This is Sokhun, a Buddhist monk with whom Jessica and I spent an afternoon on our recent trip to Siem Reap, Cambodia. Sokhun is the first person in his family to receive a formal education but to do so, he had to leave his home at an early age and move to a Buddhist school forty-five kilometers away in Siem Reap. Each week, after completing his studies that will lead his to a university degree in International Relations, Sokhun gets on the back of a motorbike or climbs onto a bus and returns to his little village to work at the school he founded so that the children there can go to school without having to leave home as he had to do. The 400 students learn, among other basic studies, how to speak English. Sokhun hopes that soon the school can accommodate 1,000 children.
Jessica asked Sokhun what he would do if he could make his dreams come true. In the selfless, compassionate way that would have made the Buddha proud, he said that he would love to get a master’s degree in International Relations from a good program in the United States so that he could learn how best to work with government, NGOs and educators in order to bring educational opportunity to the places in Cambodia where it does not now exist. We would love to see him succeed.
A full year’s tuition at a Cambodian university is US$600. I haven’t researched the subject, but I’m guessing that a masters’ degree program at, say, Tufts or Georgetown costs a bit more than that. I’m also guessing that most Buddhist monks have not benefited much from the recent stock market surge because, well, they’re Buddhist monks. And we reminded him to budget for a winter monk uniform since, having never been outside of Cambodia, he has never had a need for a monk hat to get through the winters of Boston or Washington, DC. So, if Sokhun is going to see his dream come true, he’s going to need a scholarship. That’s where you come in.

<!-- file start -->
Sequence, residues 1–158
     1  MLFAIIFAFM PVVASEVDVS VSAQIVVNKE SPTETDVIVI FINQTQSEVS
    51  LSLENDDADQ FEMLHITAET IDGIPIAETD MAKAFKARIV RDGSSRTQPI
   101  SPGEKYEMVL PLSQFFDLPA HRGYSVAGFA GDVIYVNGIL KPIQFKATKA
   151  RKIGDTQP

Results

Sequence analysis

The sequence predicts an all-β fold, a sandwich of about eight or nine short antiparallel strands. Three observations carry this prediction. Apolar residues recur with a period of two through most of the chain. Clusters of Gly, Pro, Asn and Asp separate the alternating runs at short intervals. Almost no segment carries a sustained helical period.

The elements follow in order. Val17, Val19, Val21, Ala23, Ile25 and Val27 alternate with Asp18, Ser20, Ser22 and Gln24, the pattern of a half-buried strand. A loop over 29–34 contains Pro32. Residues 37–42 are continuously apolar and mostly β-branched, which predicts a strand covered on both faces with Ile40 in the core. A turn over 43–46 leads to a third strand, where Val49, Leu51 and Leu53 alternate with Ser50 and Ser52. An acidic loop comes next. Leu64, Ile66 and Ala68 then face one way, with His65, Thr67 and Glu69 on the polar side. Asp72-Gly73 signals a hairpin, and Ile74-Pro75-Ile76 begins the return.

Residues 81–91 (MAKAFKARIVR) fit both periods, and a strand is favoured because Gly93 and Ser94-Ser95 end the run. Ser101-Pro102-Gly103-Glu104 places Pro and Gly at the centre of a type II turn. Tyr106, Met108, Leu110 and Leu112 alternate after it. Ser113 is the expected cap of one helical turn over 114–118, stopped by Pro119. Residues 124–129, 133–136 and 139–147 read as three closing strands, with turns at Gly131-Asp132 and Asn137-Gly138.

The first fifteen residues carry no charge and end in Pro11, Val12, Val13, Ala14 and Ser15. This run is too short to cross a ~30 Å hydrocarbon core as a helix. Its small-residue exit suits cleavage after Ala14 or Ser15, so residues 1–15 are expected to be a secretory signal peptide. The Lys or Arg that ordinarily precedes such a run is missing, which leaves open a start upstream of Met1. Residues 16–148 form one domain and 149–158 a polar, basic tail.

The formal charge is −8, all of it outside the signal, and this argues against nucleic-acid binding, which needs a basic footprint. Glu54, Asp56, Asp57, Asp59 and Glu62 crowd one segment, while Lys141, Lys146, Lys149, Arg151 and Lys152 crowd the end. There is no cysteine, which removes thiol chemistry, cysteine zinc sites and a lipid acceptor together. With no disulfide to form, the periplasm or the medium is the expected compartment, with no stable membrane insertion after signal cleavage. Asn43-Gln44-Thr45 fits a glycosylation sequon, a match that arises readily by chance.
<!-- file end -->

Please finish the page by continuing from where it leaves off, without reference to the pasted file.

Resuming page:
Here’s the ask: If you’re an alum of a university with a good International Relations program and you can find out if there may be some scholarship money available for foreign students, especially foreign students of the Buddhist monk variety, please let us know and we’ll pass the information along to Sokhun. This guy is special and he is already doing special things but, with the right tools, he could do so much more. Let’s see if we can help him and the children of Cambodia, shall we?
If you want to learn more about Sokhun’s school in Phum O, Cambodia, go to www.childrendestiny.com and thanks in advance for your help.This entry was posted in Uncategorized